New Tactics: San Jose Police Use Social Media, Technology to Fight Neighborhood Burglaries - NBC Bay Area
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New Tactics: San Jose Police Use Social Media, Technology to Fight Neighborhood Burglaries

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    NEWSLETTERS

    Police say a new strategy aimed at using social media and technology is the reason for a significant reduction in burglaries at a San Jose neighborhood. Robert Handa reports. (Published Tuesday, Feb. 16, 2016)

    Police say a new strategy aimed at using social media and technology is the reason for a significant reduction in burglaries at several San Jose neighborhoods.

    The Almaden area has seen burglaries drop by 71 percent. Police add as much as a 75 percent drop in burglaries have also been reported in other problem neighborhoods.

    The San Jose Police Department's burglary unit has been slashed to a handful of officers, each assigned to hundreds of cases. Standard police procedure kept any video or suspect pictures out of the public eye until there were no more leads, even if it took weeks or even months.

    "Well you have to remember when we put that information out it could cause the suspect to do a few different things," said Lt. Paul Messier with the financial crimes unit. "They could flee the area, they could change their appearance or they could destroy the evidence."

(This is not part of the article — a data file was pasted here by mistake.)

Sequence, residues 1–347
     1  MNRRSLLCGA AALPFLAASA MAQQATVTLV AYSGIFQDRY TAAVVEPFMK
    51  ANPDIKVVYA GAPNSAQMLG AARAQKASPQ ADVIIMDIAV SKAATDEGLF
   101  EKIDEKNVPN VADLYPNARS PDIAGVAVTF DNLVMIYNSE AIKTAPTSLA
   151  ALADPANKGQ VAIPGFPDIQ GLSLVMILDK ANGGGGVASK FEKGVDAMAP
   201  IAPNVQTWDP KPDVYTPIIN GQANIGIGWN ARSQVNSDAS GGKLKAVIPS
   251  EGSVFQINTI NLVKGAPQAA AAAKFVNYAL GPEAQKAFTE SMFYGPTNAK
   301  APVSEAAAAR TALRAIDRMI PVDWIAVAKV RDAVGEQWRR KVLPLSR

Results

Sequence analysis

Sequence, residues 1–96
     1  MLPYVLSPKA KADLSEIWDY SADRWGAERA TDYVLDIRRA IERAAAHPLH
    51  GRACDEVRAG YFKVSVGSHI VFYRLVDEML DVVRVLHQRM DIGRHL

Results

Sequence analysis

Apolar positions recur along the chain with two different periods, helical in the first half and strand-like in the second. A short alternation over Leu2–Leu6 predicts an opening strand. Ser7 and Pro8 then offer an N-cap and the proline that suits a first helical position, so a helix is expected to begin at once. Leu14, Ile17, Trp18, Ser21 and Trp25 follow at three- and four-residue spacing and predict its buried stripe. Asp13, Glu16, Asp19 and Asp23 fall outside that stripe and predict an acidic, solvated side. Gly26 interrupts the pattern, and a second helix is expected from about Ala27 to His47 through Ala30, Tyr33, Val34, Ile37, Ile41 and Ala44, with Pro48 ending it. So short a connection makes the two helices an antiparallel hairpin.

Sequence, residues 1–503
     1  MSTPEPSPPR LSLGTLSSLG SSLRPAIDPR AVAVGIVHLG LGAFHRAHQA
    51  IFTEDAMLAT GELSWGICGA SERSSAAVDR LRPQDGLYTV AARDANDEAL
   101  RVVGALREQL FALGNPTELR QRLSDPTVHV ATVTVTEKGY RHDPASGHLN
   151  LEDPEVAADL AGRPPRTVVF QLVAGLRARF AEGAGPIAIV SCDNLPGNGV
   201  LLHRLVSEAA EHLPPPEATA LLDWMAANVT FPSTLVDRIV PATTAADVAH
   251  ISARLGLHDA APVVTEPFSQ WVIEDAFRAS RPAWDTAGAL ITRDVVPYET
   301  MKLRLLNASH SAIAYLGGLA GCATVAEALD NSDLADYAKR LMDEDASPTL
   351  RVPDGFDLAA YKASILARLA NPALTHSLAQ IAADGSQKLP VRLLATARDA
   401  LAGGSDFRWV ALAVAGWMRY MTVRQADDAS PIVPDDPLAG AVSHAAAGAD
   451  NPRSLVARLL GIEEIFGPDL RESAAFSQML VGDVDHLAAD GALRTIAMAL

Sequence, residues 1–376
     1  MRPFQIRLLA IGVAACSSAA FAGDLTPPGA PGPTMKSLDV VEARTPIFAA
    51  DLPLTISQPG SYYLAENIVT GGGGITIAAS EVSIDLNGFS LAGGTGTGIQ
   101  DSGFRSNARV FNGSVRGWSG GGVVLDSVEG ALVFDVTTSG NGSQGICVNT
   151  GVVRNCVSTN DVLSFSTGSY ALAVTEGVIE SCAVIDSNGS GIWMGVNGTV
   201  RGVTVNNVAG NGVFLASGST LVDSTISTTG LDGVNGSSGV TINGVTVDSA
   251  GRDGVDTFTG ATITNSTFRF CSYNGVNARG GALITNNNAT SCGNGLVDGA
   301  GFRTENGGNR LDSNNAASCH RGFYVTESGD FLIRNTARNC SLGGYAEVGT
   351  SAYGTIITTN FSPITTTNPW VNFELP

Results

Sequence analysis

But now police have a program that puts images and surveillance video on the department's public website and on social medial almost immediately.

    Investigators said they were startled by the public response, with tips pouring in on numerous cases. Police said six suspects have already been identified from the last 10 videos posted.

    "These individuals are committing multiple burglaries," Messier said. "So by getting one of these subjects into custody, we're in essence preventing dozens of burglaries from happening."

    Police said they hope the extra community involvement will encourage homeowners to upgrade security cameras, which would in turn strengthen evidence.

    "Very good quality video is what we need," said Sgt. Mike Montonye, a detective with the burglary unit. "We've seen a nearly 30-percent increase in video evidence that has been submitted by the public to us."

    Detectives said the only drawback is the new program is generating a huge number of leads that need to be checked out, which taxes an already understaffed unit. In addition, future budget cuts are looming in the spring.

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